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What is relapsing-remitting multiple sclerosis (MS)?

At the onset, relapsing-remitting multiple sclerosis (RRMS) is the most common form of the disease. It is characterized by clearly defined acute attacks—also known as exacerbations—that last from days to weeks, with full recovery or with some remaining neurological symptoms and residual deficit upon recovery. Periods between relapses are characterized by stability and the absence of disease progression. About 85 percent of those with MS are initially diagnosed with this form of the disease.

Relapsing-remitting multiple sclerosis is one of four forms of the disease. In fact, most people with MS are at first diagnosed with this form. If you have relapsing-remitting MS, you experience periodic attacks of the disease and its symptoms, followed by periods of remission. Remissions can be long, even a year or more in length, but they are not predictable-an infection or sickness could trigger a relapse of symptoms.

There are several different forms of Multiple Sclerosis (MS). Relapsing-remitting MS (RRMS), considered by some as a "milder form" of MS, is one in which patients experience a relapse (e.g. loss of vision is one eye, weakness, numbness, loss of bladder control, unsteadiness when walking which lasts several weeks) and then have complete or near complete resolution of their symptoms so they are able to return to near normal level of functioning. Such relapses in RRMS occur infrequently, typically 1-2/year, and afterwards patients are once again able to return to near normal level of functioning without progressive disability. Over the long term (15-20 years), if untreated, RRMS patients can experience disease progression with persistent symptoms/disability and the inability to walk without a cane.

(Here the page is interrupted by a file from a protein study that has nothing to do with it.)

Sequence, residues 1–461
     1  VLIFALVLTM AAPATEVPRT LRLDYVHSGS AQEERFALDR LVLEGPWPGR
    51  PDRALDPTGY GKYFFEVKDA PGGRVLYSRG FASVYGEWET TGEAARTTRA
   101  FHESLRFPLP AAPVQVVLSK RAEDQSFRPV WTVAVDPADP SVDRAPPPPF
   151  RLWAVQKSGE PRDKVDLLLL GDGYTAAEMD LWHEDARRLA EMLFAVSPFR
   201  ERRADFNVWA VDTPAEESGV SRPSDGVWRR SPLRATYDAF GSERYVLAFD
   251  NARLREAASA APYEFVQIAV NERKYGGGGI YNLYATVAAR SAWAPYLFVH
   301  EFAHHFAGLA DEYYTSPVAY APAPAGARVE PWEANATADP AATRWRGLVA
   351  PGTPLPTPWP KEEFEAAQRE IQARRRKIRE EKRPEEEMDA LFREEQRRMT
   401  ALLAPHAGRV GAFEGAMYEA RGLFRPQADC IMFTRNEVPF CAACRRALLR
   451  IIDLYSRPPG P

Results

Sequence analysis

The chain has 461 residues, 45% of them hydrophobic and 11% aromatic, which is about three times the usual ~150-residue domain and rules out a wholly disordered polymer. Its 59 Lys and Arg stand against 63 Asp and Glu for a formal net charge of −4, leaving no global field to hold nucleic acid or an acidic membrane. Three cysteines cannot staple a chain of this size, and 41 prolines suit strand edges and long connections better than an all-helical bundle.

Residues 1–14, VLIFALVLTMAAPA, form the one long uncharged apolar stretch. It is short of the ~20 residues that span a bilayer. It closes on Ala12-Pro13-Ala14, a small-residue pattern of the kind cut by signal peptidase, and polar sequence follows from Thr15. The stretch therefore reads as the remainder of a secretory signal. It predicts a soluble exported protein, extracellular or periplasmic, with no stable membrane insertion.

Relapsing-remitting multiple sclerosis (MS) is the most common pattern of MS. It is characterized by periods of exacerbation (or attack) followed by periods of remission. The remissions occur because nervous system cells have ways of partially compensating for their loss of ability. There's no way to know how long a remission will last after an attack—it could be a month or it could be several years. But disease activity usually continues at a low, often almost indiscernible level, and MS often worsens over time as the signal-transmitting portion of the cells—the axons—are damaged.

This content originally appeared on HealthyWomen.org.

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Important: This content reflects information from various individuals and organizations and may offer alternative or opposing points of view. It should not be used for medical advice, diagnosis or treatment. As always, you should consult with your healthcare provider about your specific health needs.